LONDON :British luxury fashion brand Burberry reported an 18 per cent rise in first-quarter comparable store sales on Friday, meeting market expectations thanks to a continued rebound in China.
Sales in mainland China, its biggest market, were up 46 per cent in the 13 weeks to July 1, reflecting the country’s emergence from COVID-19 lockdowns last year.
The FTSE 100 group’s trading statement also said that sales in Europe rose 17 per cent on demand from U.S. and Middle East tourists.
The Americas, however, remained a weak spot. Quarterly sales were down 8 per cent, having dropped by 7 per cent in the previous quarter.
“I think (demand from) the aspirational shopper has weakened a little … but we’re picking up in the higher net worth individual cohort, and they’re buying higher-priced products in leather goods and outerwear,” interim finance chief Ian Brimicombe told reporters.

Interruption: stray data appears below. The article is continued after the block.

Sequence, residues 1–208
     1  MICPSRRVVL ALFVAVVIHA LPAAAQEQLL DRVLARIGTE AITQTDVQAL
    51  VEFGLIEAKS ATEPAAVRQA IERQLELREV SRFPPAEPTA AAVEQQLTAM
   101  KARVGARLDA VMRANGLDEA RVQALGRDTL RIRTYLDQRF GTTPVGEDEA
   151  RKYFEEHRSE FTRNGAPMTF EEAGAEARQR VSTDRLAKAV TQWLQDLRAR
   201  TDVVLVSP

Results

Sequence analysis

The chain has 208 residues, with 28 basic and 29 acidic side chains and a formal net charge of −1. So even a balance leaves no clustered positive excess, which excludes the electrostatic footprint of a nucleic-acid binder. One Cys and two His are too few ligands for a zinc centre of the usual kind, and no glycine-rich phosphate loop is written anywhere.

Brimicombe said more tourists appeared to be returning to continental Europe rather than London and that Burberry was pressing the British government for a new sales tax scheme to attract them.
The 167-year-old business, known for its trench coats, also reiterated its guidance of low double-digit revenue growth for its 2024 financial year.
Shares in the company were flat in early trade on Friday.
Chief Executive Jonathan Akeroyd said outerwear and leather goods were performing well and he was excited about new products from designer Daniel Lee arriving in stores in September.
Lee, who joined in September, unveiled his debut collection at London Fashion Week in February.
Like-for-like leather goods sales increased 13 per cent, with women’s bags, especially the Frances shapes and vintage Burberry check performing well, the company said.
“Burberry is undergoing something of a quiet revolution at a time when other luxury brands, such as LVMH and Richemont, are consolidating their own leading positions,” Interactive Investor’s Richard Hunter said of the British brand’s efforts to push into the top end of the luxury market.